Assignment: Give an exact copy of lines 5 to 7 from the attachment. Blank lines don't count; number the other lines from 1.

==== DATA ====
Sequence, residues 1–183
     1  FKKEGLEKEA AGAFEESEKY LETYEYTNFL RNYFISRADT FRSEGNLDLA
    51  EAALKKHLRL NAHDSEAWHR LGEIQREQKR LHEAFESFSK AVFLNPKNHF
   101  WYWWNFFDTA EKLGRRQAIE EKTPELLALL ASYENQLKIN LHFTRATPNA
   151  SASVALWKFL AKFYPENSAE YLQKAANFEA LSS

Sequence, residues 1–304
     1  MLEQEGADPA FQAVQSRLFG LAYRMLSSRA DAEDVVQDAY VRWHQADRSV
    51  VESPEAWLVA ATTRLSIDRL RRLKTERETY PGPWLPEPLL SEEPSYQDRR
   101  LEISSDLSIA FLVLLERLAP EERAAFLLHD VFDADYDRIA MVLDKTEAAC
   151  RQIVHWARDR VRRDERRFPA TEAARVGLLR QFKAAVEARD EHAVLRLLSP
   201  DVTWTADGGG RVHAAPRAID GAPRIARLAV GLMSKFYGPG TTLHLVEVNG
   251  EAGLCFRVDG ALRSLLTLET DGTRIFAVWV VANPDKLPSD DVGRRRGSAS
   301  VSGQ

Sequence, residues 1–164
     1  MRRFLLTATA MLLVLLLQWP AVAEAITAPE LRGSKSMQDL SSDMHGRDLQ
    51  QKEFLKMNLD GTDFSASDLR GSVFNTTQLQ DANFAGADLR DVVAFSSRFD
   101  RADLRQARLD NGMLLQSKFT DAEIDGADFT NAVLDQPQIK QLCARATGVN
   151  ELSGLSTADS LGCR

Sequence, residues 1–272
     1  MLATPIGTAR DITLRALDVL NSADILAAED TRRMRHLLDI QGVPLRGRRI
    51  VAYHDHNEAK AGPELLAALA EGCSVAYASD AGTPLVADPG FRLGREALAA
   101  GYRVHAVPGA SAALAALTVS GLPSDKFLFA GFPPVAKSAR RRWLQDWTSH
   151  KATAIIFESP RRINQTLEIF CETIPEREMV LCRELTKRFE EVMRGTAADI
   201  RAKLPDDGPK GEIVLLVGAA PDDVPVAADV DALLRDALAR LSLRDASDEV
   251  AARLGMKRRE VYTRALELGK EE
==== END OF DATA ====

   151  SASVALWKFL AKFYPENSAE YLQKAANFEA LSS

Sequence, residues 1–304
     1  MLEQEGADPA FQAVQSRLFG LAYRMLSSRA DAEDVVQDAY VRWHQADRSV